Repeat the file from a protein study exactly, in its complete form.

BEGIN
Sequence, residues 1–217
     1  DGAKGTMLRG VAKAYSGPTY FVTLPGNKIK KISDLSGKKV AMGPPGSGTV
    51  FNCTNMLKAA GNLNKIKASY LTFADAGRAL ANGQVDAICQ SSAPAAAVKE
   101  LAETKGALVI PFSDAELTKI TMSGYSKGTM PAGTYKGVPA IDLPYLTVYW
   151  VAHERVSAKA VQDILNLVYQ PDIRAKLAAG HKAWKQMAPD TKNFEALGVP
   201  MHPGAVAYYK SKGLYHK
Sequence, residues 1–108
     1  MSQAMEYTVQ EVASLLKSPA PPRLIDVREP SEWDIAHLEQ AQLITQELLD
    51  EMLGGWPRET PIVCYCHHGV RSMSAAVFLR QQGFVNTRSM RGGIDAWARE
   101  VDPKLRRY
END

Sequence, residues 1–217
     1  DGAKGTMLRG VAKAYSGPTY FVTLPGNKIK KISDLSGKKV AMGPPGSGTV
    51  FNCTNMLKAA GNLNKIKASY LTFADAGRAL ANGQVDAICQ SSAPAAAVKE
   101  LAETKGALVI PFSDAELTKI TMSGYSKGTM PAGTYKGVPA IDLPYLTVYW
   151  VAHERVSAKA VQDILNLVYQ PDIRAKLAAG HKAWKQMAPD TKNFEALGVP
   201  MHPGAVAYYK SKGLYHK
Sequence, residues 1–108
     1  MSQAMEYTVQ EVASLLKSPA PPRLIDVREP SEWDIAHLEQ AQLITQELLD
    51  EMLGGWPRET PIVCYCHHGV RSMSAAVFLR QQGFVNTRSM RGGIDAWARE
   101  VDPKLRRY